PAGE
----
This month, Rightmove put a few wobbles of worry in the property market, announcing more than a third of UK home sellers have been forced to cut their asking prices. According to the online property portal, which claims to list 90% of the property for sale in Britain, the number of cuts to house prices are at the highest they’ve been since 2012.
Rightmove pins the blame on sellers being too optimistic about their asking prices and failing to consider the climate of a stalling market and interest rates rising.
What do other property experts think about Rightmove’s announcement about a third of home sellers being forced to reduce their asking prices?
Agent Wow spoke to Chris Schutrups, Managing Director of the Mortgage Hut, about his thoughts on the subject.
The reasons for the price cuts
According to Chris Schutrups, the current price cuts we’re seeing have a lot to do with confidence.
“We have had a buoyant property market over that last 12 months and have seen rising prices, with properties being sold well above asking price in some areas of the UK, thanks to a shortage of available property and increased demand. This has led to vendors pricing their property higher than the market will stand, as demand levels have dropped with the seasonal slowdown approaching Christmas. Basically, vendors have increased expectations which are out of kilter with the current market conditions,” Chris Schutrups told us.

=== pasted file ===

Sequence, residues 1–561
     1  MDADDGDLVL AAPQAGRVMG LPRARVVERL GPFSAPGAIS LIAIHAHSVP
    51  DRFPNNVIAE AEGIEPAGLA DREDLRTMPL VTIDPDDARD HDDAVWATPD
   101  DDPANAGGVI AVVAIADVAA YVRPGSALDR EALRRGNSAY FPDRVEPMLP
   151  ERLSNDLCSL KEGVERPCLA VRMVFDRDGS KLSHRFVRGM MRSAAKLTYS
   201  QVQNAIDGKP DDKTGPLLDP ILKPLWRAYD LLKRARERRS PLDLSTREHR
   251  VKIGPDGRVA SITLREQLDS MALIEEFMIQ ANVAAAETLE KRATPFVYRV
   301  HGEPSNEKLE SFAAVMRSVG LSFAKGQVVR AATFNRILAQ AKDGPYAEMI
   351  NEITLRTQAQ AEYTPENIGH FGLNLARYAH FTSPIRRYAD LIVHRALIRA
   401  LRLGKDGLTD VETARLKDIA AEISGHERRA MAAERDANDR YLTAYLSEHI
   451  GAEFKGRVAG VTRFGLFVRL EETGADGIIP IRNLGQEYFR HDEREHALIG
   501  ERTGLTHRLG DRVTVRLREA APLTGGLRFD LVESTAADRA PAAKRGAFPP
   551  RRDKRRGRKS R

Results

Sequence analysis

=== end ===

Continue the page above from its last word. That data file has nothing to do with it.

House prices need to readjust
Mortgage Hut’s Managing Director says consumer confidence in the UK property market is strong and appears not to have been affected by Brexit and the election, earlier this year.
“Even though there have been recent interest rate rises, this has had little not impact on the lending, as it is a small increase for the average working couples and families. However, prices need to slow down otherwise we are in danger of another property bubble bursting. House prices need to readjust, as they have been rising well ahead of salary increases and inflation. We have significant seen readjustment in London and the rest of UK appears to be following in its path,” Chris commented.
Affordability is key
Chris Schutrups also noted how the property market is cyclical, so we therefore know that these lower prices are not here to stay.
“What we are simply seeing a readjustment in prices. In some parts of the UK, prices have been rising over 10% and this is not sustainable. Affordability is key and the property market is healthy if it has sustainable growth that is line with inflation and salaries,” Chris concluded.